Human Resources

Partnerships categorized under “Human Resources” involve relationships whose primary purpose is to share and gain access to scarce or unique resources, which could include funding, access to unique expertise or skills, and access to administrative support (Bammer, 2008).

Communications

Relationships categorized under “Communications” imply a focus on enhancing the exposure of research, ocean observations, and ocean policy among organizations and out to a public audience.  Activities include increasing messaging capacity and developing guidance materials for inter-organizational operations.

 

Bibliography

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  2. Anderson, D.M. et al., Harmful Algal Bloom (HAB) Sensors in Ocean Observing Systems, IOOS Summit Whitepaper (2012), available at http://www.iooc.us/activities/white-paper-guidelines/.

  3. Block, B.A. et al., Toward a U.S. Animal Telemetry Observing Network (US ATN) for our Oceans, Coasts, and Great Lakes, IOOS Summit Whitepaper (2012), available at http://www.iooc.us/activities/white-paper-guidelines/.

  4. Alexander, C., Priorities for IOOS Data Management and Communications (DMAC)

  5. Anderson, D.M. et al., Harmful Algal Bloom (HAB) Sensors in Ocean Observing Systems, IOOS Summit Whitepaper (2012), available at http://www.iooc.us/activities/white-paper-guidelines/.

  6. Bailey, B.H. et al., The Need for Improved Met-Ocean Data to Facilitate Offshore Renewable energy Development, IOOS Summit Whitepaper (2012), available at http://www.iooc.us/activities/white-paper-guidelines/.

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  17. Kudela, R.M., et al. Leveraging Ocean Observatories to Monitor and Forecast Harmful Algal Blooms: A Case Study of the U.S. West Coast, IOOS Summit Whitepaper (2012), available at http://www.iooc.us/activities/white-paper-guidelines/.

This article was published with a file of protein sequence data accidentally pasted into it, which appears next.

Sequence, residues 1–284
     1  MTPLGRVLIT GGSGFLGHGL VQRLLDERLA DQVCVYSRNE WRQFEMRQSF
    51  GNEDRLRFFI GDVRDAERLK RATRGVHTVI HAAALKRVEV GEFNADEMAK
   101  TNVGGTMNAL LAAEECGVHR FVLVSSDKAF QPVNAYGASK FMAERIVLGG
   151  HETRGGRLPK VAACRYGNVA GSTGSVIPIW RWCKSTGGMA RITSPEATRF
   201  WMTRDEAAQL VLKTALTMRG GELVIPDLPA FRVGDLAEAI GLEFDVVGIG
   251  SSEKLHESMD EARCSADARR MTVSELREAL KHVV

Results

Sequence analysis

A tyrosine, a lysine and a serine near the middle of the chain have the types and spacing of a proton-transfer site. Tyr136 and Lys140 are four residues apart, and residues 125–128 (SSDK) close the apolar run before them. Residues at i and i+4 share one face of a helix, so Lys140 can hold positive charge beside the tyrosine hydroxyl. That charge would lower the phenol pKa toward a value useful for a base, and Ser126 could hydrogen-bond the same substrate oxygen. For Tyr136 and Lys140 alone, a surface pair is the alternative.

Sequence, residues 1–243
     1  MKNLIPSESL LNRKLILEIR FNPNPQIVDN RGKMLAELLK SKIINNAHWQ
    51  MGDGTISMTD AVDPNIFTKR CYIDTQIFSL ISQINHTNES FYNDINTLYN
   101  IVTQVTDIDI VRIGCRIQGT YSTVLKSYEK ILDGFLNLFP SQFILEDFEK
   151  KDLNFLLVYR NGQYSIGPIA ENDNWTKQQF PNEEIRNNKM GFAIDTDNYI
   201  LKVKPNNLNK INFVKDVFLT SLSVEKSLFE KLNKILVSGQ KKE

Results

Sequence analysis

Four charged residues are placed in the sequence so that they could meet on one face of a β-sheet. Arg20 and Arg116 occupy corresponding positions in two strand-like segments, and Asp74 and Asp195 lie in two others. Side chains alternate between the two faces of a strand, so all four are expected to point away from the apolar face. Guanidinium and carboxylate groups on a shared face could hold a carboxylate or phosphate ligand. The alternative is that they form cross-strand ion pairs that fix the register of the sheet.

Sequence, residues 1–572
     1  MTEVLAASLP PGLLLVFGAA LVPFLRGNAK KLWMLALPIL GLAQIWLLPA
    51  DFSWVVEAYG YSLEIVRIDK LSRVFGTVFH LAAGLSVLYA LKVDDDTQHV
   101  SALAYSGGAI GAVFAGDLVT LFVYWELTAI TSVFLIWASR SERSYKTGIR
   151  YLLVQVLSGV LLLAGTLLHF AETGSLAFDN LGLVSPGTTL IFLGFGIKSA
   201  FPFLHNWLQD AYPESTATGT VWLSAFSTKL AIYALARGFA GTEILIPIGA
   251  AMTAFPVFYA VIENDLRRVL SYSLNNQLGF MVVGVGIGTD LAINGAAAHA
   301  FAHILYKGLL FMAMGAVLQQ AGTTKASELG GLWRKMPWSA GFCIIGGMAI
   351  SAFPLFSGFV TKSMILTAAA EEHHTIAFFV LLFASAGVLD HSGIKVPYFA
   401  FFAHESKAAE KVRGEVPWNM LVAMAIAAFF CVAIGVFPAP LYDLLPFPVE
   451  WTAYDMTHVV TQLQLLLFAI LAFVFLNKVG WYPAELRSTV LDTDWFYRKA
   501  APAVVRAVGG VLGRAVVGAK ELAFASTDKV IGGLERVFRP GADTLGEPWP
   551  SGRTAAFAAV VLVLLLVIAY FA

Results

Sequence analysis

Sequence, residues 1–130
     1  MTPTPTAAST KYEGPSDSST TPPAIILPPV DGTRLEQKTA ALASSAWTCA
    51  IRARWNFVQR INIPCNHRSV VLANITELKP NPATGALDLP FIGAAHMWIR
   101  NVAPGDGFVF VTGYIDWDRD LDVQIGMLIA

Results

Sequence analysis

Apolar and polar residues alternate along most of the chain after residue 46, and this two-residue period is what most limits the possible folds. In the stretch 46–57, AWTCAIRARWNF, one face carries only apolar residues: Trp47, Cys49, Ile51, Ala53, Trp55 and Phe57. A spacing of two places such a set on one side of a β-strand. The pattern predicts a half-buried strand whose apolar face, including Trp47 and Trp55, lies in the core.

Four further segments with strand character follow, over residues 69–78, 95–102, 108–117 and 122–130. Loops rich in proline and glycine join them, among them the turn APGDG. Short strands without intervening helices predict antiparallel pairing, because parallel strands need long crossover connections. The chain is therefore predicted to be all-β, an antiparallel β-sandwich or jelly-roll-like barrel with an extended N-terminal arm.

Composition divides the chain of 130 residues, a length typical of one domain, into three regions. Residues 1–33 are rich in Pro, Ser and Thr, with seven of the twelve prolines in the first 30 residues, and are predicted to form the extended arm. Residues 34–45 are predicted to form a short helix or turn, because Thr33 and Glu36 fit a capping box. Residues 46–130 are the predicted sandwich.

18. Leonard, L., et al., Identifying Stakeholder Driven User Needs: Lessons Learned in the Southeast, IOOS Summit Whitepaper (2012), available at http://www.iooc.us/activities/white-paper-guidelines/.

  19. Rosenfield, L. et al., IOOS Modeling Subsystem: Vision and Implementation Strategy, IOOS Summit Whitepaper (2012), available at http://www.iooc.us/activities/white-paper-guidelines/.

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  21. Simoniello, C. et al., Creating Education and Outreach Opportunities for the U.S. IOOS, IOOS Summit Whitepaper (2012), available at http://www.iooc.us/activities/white-paper-guidelines/.

  22. Tronvig, K.A. et al., Interagency Collaboration for Operationalizing Datums Standards, IOOS Summit Whitepaper (2012), available at http://www.iooc.us/activities/white-paper-guidelines/.

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  31. Bammer, G. (2008). Enhancing research collaborations: three key management challenges. Research Policy, 37(5), 875-887.

  32. Mandell, Myrna and Robyn Keast (2007). Evaluating Network Arrangements: Toward Revised Performance Measures. Public Performance & Management Review, 30(4), 574-597.